Meet Harry’s, the shaving startup taking on Gillette

The shaving subscription service is determined to appeal to British men by adopting an “underdog spirit”, but faces a battle with Unilever’s Dollar Shave Club once it launches in the UK.

Almost every industry has been hit by digital disruption and shaving clubs are trying to do the same to the razor market.

Popularised by Dollar Shave Club in the US 2011, they aim to offer a cheaper alternative to razors by signing people up to a subscription. And they have done a fairly good job of pulling in consumers. In the US, the market leader Gillette has lost share for the last six quarters and even launched its own shave club in a bid to tackle the disruption head on.

Now shaving clubs are coming to the UK. But it isn’t Dollar Shave Club, recently bought by Unilever, that has made it across the Atlantic. Instead it is a brand called Harry’s, which has made quite a splash with its marketing approach.

The brand was launched by best friends Jeff Raider and Andy Katz-Mayfield. Raider has form in disrupting traditional markets – he founded online glasses retailer Warby Parker.

The idea came about due to how “tedious”, the process of buying razors had become. Because of their value they are often locked away in cabinets or feature security tags making the shopping process longer. And they can seem expensive.

But changing that has not been as easy as Raider and Katz-Mayfield expected. The category is incredibly “complex”, requiring a lot of specialist knowledge, particularly when it came to the blades. The two nevertheless decided to launch the business in 2013, using “their faces as a testing ground” for developing new products.

Fast-forward four years and Harry’s now has three million customers in the US. Its products are available in-store and online. But the brand is predominantly known for its ‘shave plan’ subscription service.

It works like this: customers can sign up to the service for £2.95, and will be sent a handle, blade, shave gel and a travel blade cover.

Following the trial, they will be automatically enrolled on a subscription plan (although customers can modify or cancel ahead of their first payment). The subscription costs vary dependent on people’s individual needs, and can therefore be paid every two, three or five months.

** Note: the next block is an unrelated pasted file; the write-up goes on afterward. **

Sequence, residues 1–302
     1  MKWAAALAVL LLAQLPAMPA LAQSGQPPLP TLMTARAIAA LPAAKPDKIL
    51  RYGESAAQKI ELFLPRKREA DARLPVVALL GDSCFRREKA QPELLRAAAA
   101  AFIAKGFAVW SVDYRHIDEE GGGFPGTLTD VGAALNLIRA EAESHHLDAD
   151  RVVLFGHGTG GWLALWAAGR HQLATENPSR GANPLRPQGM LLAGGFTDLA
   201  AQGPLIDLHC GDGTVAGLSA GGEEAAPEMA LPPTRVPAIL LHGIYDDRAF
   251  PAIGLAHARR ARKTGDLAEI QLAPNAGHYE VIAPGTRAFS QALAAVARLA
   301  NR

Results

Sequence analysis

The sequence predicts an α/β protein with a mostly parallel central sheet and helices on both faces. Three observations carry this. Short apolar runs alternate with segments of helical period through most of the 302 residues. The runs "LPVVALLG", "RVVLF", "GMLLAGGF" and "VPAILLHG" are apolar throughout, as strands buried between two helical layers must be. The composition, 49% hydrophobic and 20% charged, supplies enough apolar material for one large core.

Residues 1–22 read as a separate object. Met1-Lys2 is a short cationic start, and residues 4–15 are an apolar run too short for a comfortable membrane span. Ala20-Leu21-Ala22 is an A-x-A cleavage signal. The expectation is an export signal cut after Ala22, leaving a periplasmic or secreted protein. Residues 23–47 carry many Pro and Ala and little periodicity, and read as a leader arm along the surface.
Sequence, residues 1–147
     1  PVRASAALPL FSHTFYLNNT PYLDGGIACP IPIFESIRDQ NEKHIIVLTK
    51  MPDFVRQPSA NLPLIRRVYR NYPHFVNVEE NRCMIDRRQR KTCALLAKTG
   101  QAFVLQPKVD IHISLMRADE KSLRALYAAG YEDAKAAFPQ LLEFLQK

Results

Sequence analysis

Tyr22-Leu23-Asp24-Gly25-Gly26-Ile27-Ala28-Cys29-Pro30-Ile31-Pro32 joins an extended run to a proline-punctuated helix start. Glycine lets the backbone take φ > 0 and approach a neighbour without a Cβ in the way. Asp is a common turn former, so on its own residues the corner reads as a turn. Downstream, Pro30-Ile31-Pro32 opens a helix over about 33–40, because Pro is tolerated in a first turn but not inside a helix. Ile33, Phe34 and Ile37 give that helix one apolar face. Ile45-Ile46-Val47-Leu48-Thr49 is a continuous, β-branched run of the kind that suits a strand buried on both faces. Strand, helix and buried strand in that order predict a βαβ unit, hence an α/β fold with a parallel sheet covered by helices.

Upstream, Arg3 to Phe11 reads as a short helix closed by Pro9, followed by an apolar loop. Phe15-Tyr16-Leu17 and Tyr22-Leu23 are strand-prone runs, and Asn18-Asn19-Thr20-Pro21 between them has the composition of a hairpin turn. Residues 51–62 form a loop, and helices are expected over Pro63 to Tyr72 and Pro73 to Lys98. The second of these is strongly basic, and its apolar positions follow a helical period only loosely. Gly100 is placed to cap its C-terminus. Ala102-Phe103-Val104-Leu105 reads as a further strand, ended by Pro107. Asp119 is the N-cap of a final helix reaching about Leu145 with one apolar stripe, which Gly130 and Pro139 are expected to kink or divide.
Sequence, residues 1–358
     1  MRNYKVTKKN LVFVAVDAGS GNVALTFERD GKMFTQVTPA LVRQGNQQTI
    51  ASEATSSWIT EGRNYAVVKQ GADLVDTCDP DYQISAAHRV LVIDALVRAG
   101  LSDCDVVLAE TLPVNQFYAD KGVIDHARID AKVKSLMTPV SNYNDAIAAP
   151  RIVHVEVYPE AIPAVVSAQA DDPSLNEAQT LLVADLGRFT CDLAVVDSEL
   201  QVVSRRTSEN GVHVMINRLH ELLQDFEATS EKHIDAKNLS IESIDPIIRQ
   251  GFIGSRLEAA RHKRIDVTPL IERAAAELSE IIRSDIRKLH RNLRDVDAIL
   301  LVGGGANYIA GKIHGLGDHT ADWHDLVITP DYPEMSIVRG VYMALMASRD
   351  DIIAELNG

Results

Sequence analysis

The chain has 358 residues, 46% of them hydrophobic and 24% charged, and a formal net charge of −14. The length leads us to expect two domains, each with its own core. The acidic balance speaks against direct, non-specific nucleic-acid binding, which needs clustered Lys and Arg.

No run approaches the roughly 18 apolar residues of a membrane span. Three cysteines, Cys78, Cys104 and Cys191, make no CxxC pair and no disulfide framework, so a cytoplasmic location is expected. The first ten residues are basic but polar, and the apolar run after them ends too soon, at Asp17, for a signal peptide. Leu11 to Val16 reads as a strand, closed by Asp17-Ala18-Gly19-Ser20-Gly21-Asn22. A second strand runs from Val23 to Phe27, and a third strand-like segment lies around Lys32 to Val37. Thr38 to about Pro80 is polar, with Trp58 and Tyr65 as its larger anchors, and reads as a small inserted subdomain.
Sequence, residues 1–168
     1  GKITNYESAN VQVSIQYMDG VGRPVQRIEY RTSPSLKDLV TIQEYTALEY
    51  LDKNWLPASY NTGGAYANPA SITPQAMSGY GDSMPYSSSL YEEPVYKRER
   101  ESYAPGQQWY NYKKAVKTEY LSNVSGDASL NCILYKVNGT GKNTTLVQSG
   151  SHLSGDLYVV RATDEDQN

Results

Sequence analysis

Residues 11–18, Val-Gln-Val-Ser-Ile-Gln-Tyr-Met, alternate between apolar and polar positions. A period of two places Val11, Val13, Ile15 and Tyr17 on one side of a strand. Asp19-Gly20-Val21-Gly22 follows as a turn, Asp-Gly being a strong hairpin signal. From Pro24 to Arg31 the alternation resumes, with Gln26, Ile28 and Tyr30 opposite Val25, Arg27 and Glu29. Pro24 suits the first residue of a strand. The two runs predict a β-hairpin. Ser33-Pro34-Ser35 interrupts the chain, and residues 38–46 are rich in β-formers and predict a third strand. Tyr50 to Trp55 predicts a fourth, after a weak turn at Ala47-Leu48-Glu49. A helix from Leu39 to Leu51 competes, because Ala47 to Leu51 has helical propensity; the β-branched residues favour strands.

The brand is hoping to jump on a growing consumer appetite for online services, with research conducted by Shorr Packaging showing that subscription boxes have become increasingly popular in recent years.

More than 2,000 subscription box services exist in the US as of March 2016. Consumer interest is growing too. Visits to subscription box websites have grown by over 3,000% in the last three years, up from 722,000 visits in 2013 to 21.4 million in 2016.

Conquering the UK market

With a growing customer base in the US, Harry’s saw an opportunity in heading across the pond. The brand officially opened for business in the UK in June, and unveiled its outdoor and digital campaign in mid July.

Its UK general manager Matt Hiscock believes the UK is an attractive market due to the relatively high ecommerce penetration and the “countless” enquiries it received from British men when Harry’s was still building the brand in the US.

This is, incidentally, also reflected in its marketing activity. As part of its email efforts, the brand encouraged US customers on its mailing list to invite their friends in the UK to join the service in return for early access once it launched.

You only get one chance to launch, so we wanted to try and raise awareness as much as we could. We want to show that we’re different from the establishment.

Matt Hiscock, Harry’s

“We had a wonderful head start where we built a great business in the States. We had four years of learnings; whether it’s using different marketing channels, or focusing on our brand positioning or tone of voice. We’ve now built a small on-the-ground team of UK experts. We are inheriting what we have in America and changing what we need to,” he tells Marketing Week.

Unlike its US marketing activity, the brand hopes to focus on humour and a sense of style to resonate with British consumers. Its ‘Shaving’s other guys’ campaign also looks to position itself as being different from incumbents such as Gillette.

“You only get one chance to launch, so we wanted to try and raise awareness as much as we could. We want to show that we’re different from the establishment. We do this with an underdog spirit, a humble tone but by not taking ourselves too seriously,” he explains.

“We felt that we didn’t need celebrity endorsements or posed male models. Instead, we chose to use illustrations. We wanted to do things a bit differently.”

Fighting off stiff competition

Harry’s does face a tough fight, however. Dollar Shave Club holds 54% of the online shaving marketing in the US, according to Euromonitor, while Gillette’s share of the online market is 21%.

READ MORE: The biggest challenges facing disruptive brands

Both brands have yet to enter the UK market, giving Harry’s an advantage. That said, there are plenty of other smaller brands looking to steal custom, including Cornerstone, the Bearded Colonel and FFS (Friction Free Shaving).

“There is plenty of healthy competition. If you think about Dollar Shave Club versus Harry’s, we’re here before them which is good. But in the US we already exist alongside them so we’re used to that [kind of pressure],” says Hiscock.

Harry’s ultimately believes its agility will be crucial to business success and the best way to compete with its bigger competitors that can outspend on marketing.

As Hiscock concludes: “We have a really strong customer service ethic in our business, and have the ability to develop and change on the back of what we hear from our customers, and fast.”

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